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Discussion Starter · #1 ·
I know I posted a similar question in the Ecoboost forum, but thought there might be a different audience here...

So, the title pretty much sums up my question. Did you get the 1.0 Ecoboost or the 1.6L standard engine? Why? If you have driven both, what are your thoughts?

I intend to get a Fiesta, but of course finding an Ecoboost to test drive can be challenging; and even then you can only discern so much during a short test drive. I like the idea of faster and better fuel economy of the Ecoboost, but the lower cost (buying a 2-3 year old 1.6 vs. a one year old Ecoboost) and potentially freer revving 1.6 is also inviting. Does the 1.6 really feel much slower? Either way will be a manual transmission.
 

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I piped in over in your other thread, but remember neither the 1.6 nor the 1.0 have any aspirations of being a "fast" car. Mine is a 1.6 and as long as your willing to flog it, I wouldn't call it slow. I have zero problems merging onto the highways around here, or getting up to speed from lights. The real fun is in corner speeds with the Fiesta of every engine option. I have not driven the 1.0, but rule of thumb is more torque more pull(depending on gearing of course). The 1.0 has won engine of the year for three years in a row, if that helps.
 

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Hmmm, most of us bought the 1.6L because it was the only choice available.

Being here in the states we only get a tiny sampling of the 1.0L. While the rest of the world gets to enjoy the 1.0L in all it's glory, we only get it in some obscure, half-assed configuration.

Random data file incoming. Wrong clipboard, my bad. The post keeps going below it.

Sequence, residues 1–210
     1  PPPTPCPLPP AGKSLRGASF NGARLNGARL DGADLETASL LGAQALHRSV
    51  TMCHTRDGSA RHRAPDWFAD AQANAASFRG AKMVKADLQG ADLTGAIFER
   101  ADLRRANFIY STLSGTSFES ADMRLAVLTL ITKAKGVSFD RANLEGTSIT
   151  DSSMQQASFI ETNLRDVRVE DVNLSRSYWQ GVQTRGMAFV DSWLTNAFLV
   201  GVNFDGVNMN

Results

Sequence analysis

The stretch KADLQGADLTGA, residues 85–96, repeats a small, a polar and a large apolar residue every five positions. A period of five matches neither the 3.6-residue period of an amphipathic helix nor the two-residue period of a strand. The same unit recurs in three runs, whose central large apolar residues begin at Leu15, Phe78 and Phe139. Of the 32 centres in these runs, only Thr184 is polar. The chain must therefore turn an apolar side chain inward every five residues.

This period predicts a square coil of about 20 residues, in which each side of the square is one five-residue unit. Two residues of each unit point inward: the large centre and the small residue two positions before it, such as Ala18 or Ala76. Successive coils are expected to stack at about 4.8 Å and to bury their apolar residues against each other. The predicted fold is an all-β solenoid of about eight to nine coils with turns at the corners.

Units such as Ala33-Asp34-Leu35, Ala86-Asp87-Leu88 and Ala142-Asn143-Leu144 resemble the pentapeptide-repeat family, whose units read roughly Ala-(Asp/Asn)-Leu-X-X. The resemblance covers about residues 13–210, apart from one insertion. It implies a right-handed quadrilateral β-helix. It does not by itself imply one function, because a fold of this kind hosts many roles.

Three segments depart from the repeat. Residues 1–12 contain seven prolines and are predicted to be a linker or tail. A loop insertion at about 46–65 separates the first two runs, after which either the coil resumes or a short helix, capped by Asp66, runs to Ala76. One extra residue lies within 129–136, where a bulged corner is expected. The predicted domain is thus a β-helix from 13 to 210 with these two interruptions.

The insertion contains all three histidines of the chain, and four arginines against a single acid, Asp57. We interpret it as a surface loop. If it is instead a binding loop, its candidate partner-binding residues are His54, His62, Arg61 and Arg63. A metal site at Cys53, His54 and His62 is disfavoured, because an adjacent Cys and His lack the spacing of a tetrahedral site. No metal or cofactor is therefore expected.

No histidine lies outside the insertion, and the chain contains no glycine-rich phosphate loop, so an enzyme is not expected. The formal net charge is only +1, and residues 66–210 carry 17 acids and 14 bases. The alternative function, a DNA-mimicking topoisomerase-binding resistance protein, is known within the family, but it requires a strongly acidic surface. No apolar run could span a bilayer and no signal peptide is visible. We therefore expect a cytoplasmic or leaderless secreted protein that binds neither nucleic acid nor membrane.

Had I been able to buy the Fiesta in Titanium trim and with the 1.0L engine, it would be in my driveway!

Over the weekend. I attended the Pittsburgh International Autoshow. It's nothing spectacular like the Detroit Autoshow. It basically a collection of about every make and model of vehicle on the road. Ford had probably the biggest display and representation of any.manufacture there. They had cutout and display of the 1.0L ecoboost. I spoke to a salesperson from the local Pittsburgh Fors dealer that provided the display vehicles. The salesperson said that that particular dealership had only ever sold one 1.0L Fiesta. It was a vehicle Ford had allocated to them. Never did they sell another one, nor ordered one, they had few people come and inquire about a Fiesta with the 1.0L, but no buyers. They order them all with the 1.6L.

Ford raves all about the ecoboost series of engines. Ford does nothing to advertise the Fiesta, except maybe through social media, or by accident through a 3rd party review. The average person in the market and considering purchase of a new vehicle isn't even aware that Fiesta even exists, let alone some obscure 1.0L 3cylinder engine.
 

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I have both; a 2014 1.0 and a 2015 1.6 (5 speed)

Thoughts on the 1.0: Ultra economical gas motor; turbo is fun (not fast); Transmission gearing is 100% for economy which leaves some acceleration on the table; super quiet at highway speeds due to tall 5th gear; The extra $995 to play is a debatable value; it has a coolness factor being Wards 3x Winner of Best Engine